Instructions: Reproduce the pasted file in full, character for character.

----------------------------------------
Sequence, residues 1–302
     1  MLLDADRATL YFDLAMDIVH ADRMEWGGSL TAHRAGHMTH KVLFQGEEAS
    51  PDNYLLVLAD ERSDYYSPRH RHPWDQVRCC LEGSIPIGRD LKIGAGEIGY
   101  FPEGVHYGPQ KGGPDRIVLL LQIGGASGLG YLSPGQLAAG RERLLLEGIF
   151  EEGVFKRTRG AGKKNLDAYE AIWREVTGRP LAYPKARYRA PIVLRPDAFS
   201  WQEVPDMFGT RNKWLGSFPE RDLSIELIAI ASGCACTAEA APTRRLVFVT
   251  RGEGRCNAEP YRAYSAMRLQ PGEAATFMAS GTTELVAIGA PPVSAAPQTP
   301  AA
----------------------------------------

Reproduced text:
Sequence, residues 1–302
     1  MLLDADRATL YFDLAMDIVH ADRMEWGGSL TAHRAGHMTH KVLFQGEEAS
    51  PDNYLLVLAD ERSDYYSPRH RHPWDQVRCC LEGSIPIGRD LKIGAGEIGY
   101  FPEGVHYGPQ KGGPDRIVLL LQIGGASGLG YLSPGQLAAG RERLLLEGIF
   151  EEGVFKRTRG AGKKNLDAYE AIWREVTGRP LAYPKARYRA PIVLRPDAFS
   201  WQEVPDMFGT RNKWLGSFPE RDLSIELIAI ASGCACTAEA APTRRLVFVT
   251  RGEGRCNAEP YRAYSAMRLQ PGEAATFMAS GTTELVAIGA PPVSAAPQTP
   301  AA